The Week Everyone Worried About Inflation
It’s not that difficult to understand why everyone would be ready to sound the alarm on inflation. The government has been borrowing heavily and the Federal Reserve has been massively expanding its balance sheet and holding its interest rate target at very near zero. In ordinary times, this combination would send prices soaring. And while we’re not currently in ordinary times, the market for government debt seemed to wobble a little this week at the same time that energy prices posted a strong increase. It wasn’t that much, but it was enough to send a handful of economists running for the op-ed pages to fret about how the biggest threat we face isn’t unemployment near nine percent or an economy which shrank at nearly a six percent annual pace in the first quarter, but an annual increase in prices of about seven percent.
But then things cooled down. Treasury note yields and mortgage bond yields came down a little to end the week, signaling that maybe markets weren’t tired of government debt after all and maybe the Fed’s efforts to keep interest rates low still had some punch. And a couple of astute economic observers expressed to me in emails that frankly, the fears were overblown to begin with. Interest rates on long-term Treasuries simply do not point toward a nervous market. Yes, yields are up from the ridiculous lows that prevailed during the darkest days of the financial crisis. That’s to be expected; people wanted to be in the safest harbor available back then and were willing to accept basically nothing in return for the ability to hold U.S. government bonds. But by comparison with basically any other point in the past thirty years, things look pretty solid.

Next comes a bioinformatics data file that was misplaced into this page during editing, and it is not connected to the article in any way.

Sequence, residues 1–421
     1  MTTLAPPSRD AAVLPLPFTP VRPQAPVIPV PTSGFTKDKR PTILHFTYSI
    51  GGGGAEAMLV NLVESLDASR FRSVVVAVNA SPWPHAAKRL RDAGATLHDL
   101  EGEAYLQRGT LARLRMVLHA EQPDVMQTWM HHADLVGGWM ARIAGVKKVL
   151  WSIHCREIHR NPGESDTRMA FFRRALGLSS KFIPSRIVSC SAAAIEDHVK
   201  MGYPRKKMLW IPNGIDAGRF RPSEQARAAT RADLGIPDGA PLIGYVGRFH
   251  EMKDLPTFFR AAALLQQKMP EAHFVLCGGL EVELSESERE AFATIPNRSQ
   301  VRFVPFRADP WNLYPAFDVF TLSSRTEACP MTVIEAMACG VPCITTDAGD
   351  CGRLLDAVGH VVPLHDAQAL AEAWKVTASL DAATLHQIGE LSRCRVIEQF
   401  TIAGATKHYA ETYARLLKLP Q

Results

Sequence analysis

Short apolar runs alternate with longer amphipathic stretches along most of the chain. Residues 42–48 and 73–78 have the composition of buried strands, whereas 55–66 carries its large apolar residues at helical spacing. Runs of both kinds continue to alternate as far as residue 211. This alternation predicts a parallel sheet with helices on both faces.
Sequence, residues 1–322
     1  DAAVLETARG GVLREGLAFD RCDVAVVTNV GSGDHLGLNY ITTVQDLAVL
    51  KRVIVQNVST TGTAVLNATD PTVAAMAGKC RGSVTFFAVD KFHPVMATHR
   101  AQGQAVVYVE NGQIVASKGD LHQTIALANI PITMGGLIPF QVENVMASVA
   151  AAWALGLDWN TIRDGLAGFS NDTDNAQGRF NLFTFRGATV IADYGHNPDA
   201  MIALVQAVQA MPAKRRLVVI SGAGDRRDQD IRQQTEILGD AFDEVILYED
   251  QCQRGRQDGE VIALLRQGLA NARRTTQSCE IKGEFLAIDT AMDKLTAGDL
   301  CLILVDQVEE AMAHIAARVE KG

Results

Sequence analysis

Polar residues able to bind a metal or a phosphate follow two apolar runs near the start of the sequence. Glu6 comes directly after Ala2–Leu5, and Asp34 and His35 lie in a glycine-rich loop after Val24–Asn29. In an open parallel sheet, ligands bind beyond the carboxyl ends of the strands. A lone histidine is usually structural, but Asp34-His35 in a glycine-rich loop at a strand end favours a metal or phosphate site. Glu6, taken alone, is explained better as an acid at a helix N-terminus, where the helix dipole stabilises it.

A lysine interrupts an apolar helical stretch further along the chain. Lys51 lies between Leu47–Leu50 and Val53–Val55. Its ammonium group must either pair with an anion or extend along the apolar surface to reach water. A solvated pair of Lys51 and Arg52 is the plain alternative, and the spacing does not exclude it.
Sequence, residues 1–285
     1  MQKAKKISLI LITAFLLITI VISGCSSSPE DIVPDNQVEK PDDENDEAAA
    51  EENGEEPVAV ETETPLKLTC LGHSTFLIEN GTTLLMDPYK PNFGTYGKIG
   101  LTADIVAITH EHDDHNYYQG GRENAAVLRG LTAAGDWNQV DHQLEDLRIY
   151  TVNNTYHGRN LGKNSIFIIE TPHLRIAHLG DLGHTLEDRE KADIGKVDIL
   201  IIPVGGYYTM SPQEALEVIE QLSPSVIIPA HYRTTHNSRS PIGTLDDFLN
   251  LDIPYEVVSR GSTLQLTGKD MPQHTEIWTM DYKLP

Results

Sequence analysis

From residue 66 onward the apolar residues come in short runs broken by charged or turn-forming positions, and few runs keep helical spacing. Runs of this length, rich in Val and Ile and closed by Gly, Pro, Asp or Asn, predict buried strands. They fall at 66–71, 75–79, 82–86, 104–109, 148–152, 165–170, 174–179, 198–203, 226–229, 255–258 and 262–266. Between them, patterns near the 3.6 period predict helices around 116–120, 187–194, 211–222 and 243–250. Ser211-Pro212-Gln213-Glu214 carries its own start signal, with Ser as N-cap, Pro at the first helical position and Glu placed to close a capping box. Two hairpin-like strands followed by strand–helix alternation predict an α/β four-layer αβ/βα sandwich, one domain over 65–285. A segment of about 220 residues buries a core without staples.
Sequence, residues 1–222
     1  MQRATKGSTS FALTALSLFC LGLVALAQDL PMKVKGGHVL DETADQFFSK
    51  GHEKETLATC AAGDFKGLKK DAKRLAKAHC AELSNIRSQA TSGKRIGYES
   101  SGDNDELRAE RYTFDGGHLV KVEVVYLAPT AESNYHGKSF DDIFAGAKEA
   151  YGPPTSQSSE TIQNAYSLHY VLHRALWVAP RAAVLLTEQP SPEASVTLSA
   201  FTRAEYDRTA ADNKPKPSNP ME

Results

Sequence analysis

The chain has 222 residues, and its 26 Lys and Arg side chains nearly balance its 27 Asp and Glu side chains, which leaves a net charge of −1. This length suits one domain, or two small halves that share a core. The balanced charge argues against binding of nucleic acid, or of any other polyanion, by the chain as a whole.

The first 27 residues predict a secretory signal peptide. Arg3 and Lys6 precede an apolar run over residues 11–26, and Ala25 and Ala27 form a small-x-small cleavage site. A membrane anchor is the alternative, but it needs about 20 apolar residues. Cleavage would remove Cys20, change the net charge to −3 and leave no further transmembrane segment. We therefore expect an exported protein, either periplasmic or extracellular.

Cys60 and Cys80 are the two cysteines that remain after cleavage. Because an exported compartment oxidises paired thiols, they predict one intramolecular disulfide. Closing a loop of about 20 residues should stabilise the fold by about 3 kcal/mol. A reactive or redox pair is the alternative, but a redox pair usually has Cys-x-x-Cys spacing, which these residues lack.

Anyway, if you need more convincing that inflation and debt levels aren’t something to be pulling your hair out over right now, take it from an economics Nobelist:
[I]t’s hard to escape the sense that the current inflation fear-mongering is partly political, coming largely from economists who had no problem with deficits caused by tax cuts but suddenly became fiscal scolds when the government started spending money to rescue the economy. And their goal seems to be to bully the Obama administration into abandoning those rescue efforts.
Needless to say, the president should not let himself be bullied. The economy is still in deep trouble and needs continuing help.
Yes, we have a long-run budget problem, and we need to start laying the groundwork for a long-run solution. But when it comes to inflation, the only thing we have to fear is inflation fear itself.
There you have it.